|UP 4439 E, operating as CN 386, is actively promoting the CN Canadian Women's Open in this Aug. 05, 2006 photo.|
Photo and Commentary by Peter Mumby
E. Hunter Harrison loves making money, both for himself and for his shareholders. He's good at it. He also loves raising show jumping horses on his Connecticut estate. He's good at this, too.
Further down the list, he must love golf, and he's probably good at this as well. It was during his tenure as president and CEO of CN (Jan. 01, 2003-Dec. 31, 2009) that the railway became the corporate sponsor of the Canadian Women's Open Golf Tournament. The 2006 version of this tournament took place Aug. 07-13 at the London Hunt and Country Club in London, Ontario. The photo shows the advertising banner that was hung on the CN bridge over Oxford St. West in London, and was taken early on the morning of Aug. 05 of that year.
Hunter Harrison later became CEO of Canadian Pacific ( June 29, 2012-present). It probably was no coincidence that CP later took over sponsorship of the Canadian Women's Open, with the inaugural of the CP Women's Open held again at the London Hunt Club on Aug. 18-24, 2014. It has been announced that the CP Women's Open for 2017 will be held in Ottawa to coincide with the nation's 150th anniversary.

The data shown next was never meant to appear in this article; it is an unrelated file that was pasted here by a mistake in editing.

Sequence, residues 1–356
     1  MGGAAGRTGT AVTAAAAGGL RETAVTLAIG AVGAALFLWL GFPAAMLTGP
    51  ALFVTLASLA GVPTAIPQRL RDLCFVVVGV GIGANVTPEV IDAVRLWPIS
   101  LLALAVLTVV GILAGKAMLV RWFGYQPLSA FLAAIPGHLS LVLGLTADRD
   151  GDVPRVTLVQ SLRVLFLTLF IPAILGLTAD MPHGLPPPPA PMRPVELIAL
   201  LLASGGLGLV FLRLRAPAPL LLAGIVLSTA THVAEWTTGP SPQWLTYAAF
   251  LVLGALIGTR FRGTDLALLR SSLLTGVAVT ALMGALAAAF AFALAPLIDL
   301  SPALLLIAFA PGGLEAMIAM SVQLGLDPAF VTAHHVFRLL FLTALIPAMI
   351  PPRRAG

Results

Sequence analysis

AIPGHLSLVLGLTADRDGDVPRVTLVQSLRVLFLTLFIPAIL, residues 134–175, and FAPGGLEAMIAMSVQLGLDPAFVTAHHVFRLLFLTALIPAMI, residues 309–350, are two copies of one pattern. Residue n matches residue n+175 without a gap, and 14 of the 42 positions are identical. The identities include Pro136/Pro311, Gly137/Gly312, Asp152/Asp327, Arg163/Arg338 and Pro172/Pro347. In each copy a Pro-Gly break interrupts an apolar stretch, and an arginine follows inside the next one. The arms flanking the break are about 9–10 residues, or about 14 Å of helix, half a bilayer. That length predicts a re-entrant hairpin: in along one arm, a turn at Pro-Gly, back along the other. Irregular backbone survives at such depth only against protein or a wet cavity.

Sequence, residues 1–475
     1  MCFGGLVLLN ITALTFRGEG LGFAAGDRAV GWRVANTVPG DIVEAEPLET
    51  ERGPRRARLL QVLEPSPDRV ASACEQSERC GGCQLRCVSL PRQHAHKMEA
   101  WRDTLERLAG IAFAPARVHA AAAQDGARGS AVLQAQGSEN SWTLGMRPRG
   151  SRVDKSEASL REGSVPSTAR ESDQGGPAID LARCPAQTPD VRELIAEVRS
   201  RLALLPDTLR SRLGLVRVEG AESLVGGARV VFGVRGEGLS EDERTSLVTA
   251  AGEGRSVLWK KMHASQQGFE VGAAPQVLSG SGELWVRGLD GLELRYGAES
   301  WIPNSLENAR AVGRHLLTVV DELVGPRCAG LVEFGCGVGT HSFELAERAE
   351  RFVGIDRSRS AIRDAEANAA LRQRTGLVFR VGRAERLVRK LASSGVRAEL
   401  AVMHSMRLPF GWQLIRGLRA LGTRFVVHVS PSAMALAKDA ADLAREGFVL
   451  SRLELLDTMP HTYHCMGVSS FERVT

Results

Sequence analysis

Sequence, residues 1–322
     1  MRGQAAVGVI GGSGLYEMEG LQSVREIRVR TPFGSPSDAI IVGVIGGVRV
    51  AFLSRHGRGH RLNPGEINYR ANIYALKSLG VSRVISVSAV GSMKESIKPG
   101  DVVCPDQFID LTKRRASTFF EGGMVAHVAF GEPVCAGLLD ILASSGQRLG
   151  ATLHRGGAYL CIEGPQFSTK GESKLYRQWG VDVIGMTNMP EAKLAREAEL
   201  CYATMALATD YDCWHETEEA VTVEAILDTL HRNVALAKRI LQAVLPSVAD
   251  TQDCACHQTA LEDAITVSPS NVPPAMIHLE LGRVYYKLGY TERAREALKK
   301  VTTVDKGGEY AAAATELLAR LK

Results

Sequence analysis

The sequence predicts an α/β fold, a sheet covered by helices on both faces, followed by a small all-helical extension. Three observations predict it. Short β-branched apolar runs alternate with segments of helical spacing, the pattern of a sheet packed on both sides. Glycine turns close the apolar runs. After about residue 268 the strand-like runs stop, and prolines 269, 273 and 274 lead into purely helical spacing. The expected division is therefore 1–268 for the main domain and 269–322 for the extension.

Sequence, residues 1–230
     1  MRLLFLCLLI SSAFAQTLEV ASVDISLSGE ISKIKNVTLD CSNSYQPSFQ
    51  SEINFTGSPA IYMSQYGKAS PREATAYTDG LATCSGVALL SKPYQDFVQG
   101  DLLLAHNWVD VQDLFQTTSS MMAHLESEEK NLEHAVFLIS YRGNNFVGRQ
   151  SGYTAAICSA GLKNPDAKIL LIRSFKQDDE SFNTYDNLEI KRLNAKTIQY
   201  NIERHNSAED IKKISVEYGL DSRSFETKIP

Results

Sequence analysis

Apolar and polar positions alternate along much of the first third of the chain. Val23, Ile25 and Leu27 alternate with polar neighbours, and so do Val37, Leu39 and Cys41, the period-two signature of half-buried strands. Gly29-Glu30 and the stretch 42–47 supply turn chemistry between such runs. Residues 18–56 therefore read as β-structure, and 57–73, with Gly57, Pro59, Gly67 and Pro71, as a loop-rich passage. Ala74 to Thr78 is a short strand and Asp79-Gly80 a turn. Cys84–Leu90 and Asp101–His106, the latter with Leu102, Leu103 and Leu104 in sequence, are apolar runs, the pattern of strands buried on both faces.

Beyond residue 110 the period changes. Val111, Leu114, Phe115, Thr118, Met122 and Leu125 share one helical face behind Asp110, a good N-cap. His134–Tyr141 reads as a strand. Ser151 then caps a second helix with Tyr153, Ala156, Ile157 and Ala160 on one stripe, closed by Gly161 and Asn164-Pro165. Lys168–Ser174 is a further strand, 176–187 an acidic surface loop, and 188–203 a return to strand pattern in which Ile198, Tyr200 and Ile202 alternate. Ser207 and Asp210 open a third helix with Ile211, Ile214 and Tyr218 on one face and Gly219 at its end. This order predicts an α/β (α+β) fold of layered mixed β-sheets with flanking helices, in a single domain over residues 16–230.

The train in the photograph, UP 4439 east, was operating as CN 386. This train was returning from Flat Rock yard in the Detroit area after leaving London yard in the wee hours of the morning as CN 387. At this time the St. Thomas Ford plant was still in business, and the train carried empty autoracks and loaded frame flats for Ford, as well as empty frame flats for the Formet plant in St. Thomas. CN 387 was generally a long train and doubling it up would tie up level crossings in the downtown core for extensive periods, making a very early departure preferable. On occasion it departed later in the morning, making for a lot of annoyed motorists. Such was the case in April of 2006 when I caught this train with CN 2656, CN2634, BNSF 9380 and BNSF 9389 on the head end. It was quite normal for 387 to forward new deliveries from the General Motors Diesel Division plant.
George was quite often the engineman on these 387/386 trains. Maybe we will be able to prevail upon him to provide us with a few anecdotes at some point in the near future!